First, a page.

Series;Verified / Carsten Munk

Truebit Protocol
Jun 22 · 6 min read

Welcome to Series;Verified, presenting features and interviews in both written and video form that highlight contributors and projects developing on Truebit. Following the ethos of the protocol, these sessions invite developers, researchers, and people associated with the project whose rigorous work has advanced the Truebit ecosystem and community.

We are excited to present today our first guest, Carsten Munk, a prolific developer who has made a powerful impact on our growing community post-mainnet launch. Carsten is deep into the Truebit code and is an inspirational leader for developers beginning to understand the protocol. We want to use this opportunity to invite Carsten to share his experience and findings and to answer questions with a follow up Reddit AMA on Thursday June 24 2021 at 12pm EST. Hope to see you there!

Who is Carsten Munk and why has Truebit captivated your focused attention? What’s the most impactful part of Truebit and/or what aspect of Truebit do you think is most important to the community?

I’m the CTO of Zippie, a computer scientist by trade and have been dabbling in the Ethereum space for a number of years. One of my key frustrations that has persisted over the years is the lack of ability to do any kind of computation at scale with the Ethereum blockchain — where even simple and straightforward use-cases of blockchain became unreasonably expensive even on a small scale.

Our focus in Zippie has been emerging markets such as sub-Saharan Africa, where people already know digital money quite well through the adoption of mobile money (M-PESA, for example) — and how to bring Web3.0 to those markets at scale, on mobile browsers primarily. Our long term goal is simple — if we don’t make Web3.0 technologies approachable, available and understandable by the masses, we won’t make the impact that the technology and end-users deserve.

When you start seeing your Ethereum usage through the lens of 17+ million people active within the protocol, it changes your perspective. Real despair started kicking in when I began a habit of multiplying every single gas price and gas spending of potential solutions at that scale to simulate the economics of bringing a real user segment into our solutions.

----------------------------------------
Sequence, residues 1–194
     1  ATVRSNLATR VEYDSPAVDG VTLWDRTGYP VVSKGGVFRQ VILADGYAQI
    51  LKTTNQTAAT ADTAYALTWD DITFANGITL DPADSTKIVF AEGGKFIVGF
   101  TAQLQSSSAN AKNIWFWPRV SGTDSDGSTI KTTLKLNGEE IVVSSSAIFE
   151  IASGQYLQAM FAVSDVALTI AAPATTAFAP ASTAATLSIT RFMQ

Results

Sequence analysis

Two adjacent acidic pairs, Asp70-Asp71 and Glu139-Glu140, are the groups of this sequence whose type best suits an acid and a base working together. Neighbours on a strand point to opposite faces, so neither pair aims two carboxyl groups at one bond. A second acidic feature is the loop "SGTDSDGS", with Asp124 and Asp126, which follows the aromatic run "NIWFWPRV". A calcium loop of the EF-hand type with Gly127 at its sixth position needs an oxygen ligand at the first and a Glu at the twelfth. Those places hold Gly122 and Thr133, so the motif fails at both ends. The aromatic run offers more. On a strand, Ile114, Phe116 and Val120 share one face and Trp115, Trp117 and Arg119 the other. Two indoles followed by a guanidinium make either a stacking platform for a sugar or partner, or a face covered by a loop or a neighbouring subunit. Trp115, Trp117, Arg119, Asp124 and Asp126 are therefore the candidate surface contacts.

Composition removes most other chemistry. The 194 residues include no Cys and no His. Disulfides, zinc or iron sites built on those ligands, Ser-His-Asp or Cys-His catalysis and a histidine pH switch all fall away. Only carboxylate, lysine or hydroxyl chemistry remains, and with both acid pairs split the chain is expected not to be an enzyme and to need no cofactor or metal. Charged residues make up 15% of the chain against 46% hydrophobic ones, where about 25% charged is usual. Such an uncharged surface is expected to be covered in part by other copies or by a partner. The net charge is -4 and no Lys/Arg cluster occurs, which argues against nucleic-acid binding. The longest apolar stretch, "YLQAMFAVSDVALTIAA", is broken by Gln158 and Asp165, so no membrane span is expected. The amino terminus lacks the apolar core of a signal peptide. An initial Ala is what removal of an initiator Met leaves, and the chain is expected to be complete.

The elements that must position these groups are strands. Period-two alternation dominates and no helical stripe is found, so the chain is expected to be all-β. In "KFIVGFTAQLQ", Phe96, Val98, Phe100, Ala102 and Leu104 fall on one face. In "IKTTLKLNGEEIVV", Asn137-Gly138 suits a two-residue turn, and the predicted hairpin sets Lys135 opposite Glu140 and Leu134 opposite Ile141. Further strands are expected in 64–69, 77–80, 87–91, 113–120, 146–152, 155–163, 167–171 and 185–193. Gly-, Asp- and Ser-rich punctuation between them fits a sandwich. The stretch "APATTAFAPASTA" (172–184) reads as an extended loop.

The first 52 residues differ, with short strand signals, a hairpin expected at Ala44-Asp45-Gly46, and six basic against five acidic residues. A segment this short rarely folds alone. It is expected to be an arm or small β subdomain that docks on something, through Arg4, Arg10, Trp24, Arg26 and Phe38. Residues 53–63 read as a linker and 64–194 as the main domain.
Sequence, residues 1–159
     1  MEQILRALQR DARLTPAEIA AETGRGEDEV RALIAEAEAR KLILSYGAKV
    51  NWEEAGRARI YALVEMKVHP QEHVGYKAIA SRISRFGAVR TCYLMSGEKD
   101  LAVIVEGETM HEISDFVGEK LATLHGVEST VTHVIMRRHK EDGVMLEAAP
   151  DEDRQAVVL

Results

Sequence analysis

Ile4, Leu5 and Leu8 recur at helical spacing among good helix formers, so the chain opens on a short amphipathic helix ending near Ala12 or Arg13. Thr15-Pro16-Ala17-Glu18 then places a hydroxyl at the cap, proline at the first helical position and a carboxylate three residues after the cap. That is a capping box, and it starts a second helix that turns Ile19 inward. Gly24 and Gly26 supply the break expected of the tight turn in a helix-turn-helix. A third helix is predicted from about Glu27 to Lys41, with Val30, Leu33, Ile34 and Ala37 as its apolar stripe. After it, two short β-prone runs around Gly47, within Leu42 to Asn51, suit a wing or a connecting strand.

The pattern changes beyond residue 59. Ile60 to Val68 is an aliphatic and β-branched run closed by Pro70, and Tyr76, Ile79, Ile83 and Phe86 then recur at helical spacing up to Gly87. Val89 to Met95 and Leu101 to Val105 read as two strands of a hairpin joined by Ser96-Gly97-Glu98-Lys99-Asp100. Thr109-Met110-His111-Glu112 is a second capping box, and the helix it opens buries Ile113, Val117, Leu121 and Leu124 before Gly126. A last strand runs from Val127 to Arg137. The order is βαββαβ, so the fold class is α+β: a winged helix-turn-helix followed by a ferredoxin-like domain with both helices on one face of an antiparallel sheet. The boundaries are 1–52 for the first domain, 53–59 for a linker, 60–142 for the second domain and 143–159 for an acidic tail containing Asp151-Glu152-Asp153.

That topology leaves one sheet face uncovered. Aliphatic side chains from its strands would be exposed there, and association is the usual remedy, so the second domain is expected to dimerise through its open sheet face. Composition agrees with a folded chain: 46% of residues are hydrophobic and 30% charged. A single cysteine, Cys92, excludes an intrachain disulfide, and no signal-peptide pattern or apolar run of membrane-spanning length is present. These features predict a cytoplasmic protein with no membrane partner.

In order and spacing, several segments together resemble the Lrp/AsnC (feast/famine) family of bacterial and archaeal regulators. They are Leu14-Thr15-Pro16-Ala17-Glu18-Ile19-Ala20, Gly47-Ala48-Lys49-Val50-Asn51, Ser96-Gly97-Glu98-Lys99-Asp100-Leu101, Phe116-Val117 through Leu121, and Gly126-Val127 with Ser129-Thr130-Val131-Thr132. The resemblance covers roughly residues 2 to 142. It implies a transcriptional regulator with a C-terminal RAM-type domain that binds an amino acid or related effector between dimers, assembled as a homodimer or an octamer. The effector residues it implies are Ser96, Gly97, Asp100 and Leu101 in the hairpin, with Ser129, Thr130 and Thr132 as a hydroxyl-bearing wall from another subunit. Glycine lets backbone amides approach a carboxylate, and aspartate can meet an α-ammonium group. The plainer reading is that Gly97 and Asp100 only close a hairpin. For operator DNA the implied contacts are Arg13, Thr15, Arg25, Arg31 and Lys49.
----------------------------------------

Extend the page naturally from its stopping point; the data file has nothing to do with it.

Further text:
That scalability despair is what led me to Truebit after checking out other solutions in the scaling space.

Truebit is a ‘simpler’ mental model than many of the other scalability solutions. If there’s a disagreement in the result, a solver and a verifier basically repeat the computation until a chosen mid-point step of a range of computation is identified and the exact point of disagreement of the computation is found. From there, the Ethereum blockchain determines who has made the correct computation.

Many of the other solutions are restricted in their expressibility, suited specifically for completing token transactions or limited smart contract behavior, for example; and using quite advanced proof structures.

Zippie team observing the use of their mobile wallet by Maasai on their 4G smartphones in Amboseli National Park, Kenya

Tell us a bit about Zippie and how is Truebit solving problems in the Zippie’s architecture?

It’s still early days for our usage of Truebit, but right now we are using it as an element in a few prototypes.

Our plan is to use it more extensively in our upcoming Zippie ID product which deals with decentralized identities for the masses. You can join Zippie’s Telegram if you’d like to hear more.

My contribution has been mostly to build out the pieces that aren’t already ported to Truebit’s open source toolchain, such as BLS12–381 signature validation libraries, or JavaScript interpreters such as QuickJS- https://github.com/zippiehq/quickjs-truebit